Southern gardeners love crape myrtles, but unfortunately most don’t know how to properly care for them.
University of Georgia Cooperative Extension agents regularly answer questions regarding proper care and maintenance of the popular flowering tree. The keys to success with crape myrtles include adequate sunlight, proper soil pH, good drainage, proper pruning, adequate fertilization, proper mulching and insect control.
They love the sun
Crape myrtles need full sun -- eight hours or more of direct sun daily -- in order to thrive and bloom Crape myrtles will not be their best will less than eight hours of direct sun light. Gardeners should check the sun patterns in their yards before planting crape myrtles.
Crape myrtles thrive in slightly acidic soils with a pH of about 6 to 6.5. If the pH level is off, the plant will not use fertilizer properly and the gardener will be left with substandard crape myrtles. You should take a soil sample to your local Extension office for testing if you don’t know your soil’s pH.
Prune in late winter, fertilize in early spring
Late winter is the time to prune crape myrtles but gardeners don’t need to prune all of their crape myrtles every year. Some trees may not need to be pruned.
Gardeners should prune the trees so that they maintain a natural shape and to thin out branches and allow light into the canopy. You should not cut off the top of your crape myrtle trees. This pruning method is so drastic it is often referred to as “crape murder.”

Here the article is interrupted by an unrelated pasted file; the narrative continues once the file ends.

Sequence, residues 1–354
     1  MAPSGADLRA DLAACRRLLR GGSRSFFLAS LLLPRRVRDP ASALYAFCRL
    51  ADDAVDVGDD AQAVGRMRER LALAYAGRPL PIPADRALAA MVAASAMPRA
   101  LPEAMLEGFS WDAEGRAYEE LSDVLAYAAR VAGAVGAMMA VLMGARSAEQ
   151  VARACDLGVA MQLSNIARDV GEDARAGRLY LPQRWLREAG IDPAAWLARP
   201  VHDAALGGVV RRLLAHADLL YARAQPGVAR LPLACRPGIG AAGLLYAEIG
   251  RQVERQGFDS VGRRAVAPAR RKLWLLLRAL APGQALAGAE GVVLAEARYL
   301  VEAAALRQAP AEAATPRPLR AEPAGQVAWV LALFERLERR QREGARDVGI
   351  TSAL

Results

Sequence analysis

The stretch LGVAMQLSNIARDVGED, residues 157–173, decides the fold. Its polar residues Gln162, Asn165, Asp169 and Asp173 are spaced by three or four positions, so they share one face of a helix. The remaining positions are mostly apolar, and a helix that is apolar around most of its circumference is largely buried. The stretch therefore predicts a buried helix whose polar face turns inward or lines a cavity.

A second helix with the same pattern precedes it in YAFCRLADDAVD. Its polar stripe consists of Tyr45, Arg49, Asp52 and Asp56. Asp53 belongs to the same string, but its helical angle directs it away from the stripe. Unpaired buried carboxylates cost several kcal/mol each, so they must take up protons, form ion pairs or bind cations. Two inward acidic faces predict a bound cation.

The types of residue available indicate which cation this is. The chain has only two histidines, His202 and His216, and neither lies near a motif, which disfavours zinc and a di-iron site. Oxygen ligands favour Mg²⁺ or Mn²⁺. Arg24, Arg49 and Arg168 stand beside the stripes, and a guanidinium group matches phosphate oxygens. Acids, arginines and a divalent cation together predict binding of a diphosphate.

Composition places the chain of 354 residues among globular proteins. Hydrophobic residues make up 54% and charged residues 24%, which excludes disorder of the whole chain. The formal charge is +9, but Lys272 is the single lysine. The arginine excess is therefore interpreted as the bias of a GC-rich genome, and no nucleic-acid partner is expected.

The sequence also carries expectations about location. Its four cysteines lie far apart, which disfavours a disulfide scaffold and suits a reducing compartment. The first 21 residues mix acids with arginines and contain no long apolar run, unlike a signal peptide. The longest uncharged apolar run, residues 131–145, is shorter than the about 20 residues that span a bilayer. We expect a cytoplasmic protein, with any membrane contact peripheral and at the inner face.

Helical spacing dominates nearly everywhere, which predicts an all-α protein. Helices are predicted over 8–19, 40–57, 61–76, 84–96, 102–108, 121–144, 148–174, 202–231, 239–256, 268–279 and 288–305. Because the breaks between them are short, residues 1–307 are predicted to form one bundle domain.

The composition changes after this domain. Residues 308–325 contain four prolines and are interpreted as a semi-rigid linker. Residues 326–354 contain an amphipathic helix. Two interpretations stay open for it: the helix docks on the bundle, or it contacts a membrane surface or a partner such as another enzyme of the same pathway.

To maximize spring growth and summer bloom, gardeners should fertilize their crape myrtles in early spring just prior to new growth.
Fertilizers like 8-8-8, 10-10-10, 12-4-8 or 16-4-8 will work fine and are ideal for crape myrtles but you shouldn’t go over board.
Over fertilizing the trees will cause causes excess growth and reduce the number of blooms on each tree. You soil test results will include a recommendation for the proper fertilizer. You can apply the tree’s fertilizer directly over its mulch.
Mulch to fight weeds, trap moisture
Gardeners should mulch their crape myrtles after planting to conserve moisture, reduce weeds and insulate roots against extreme temperatures. There should be a layer of about 3 to 5 inches surrounding the tree. Gardeners should plan to mulch an area larger than the planting hole.
Insect damage is a frequent problem on crape myrtles, and aphids cause much of that damage.
Left unchecked, aphids will release bodily fluids onto the foliage, and the resulting honeydew can lead to sooty mold, a black discoloration that can occur in the summer and fall.
Sooty mold usually causes little damage, but it can reduce the plant’s vigor. You can plant crape myrtle cultivars that are resistant to aphids or treat other cultivars with insecticides to reduce sooty mold. As always, follow label directions on all pesticides.
By following the practices outlined here, your crape myrtles should perform their best this growing season and in years to come.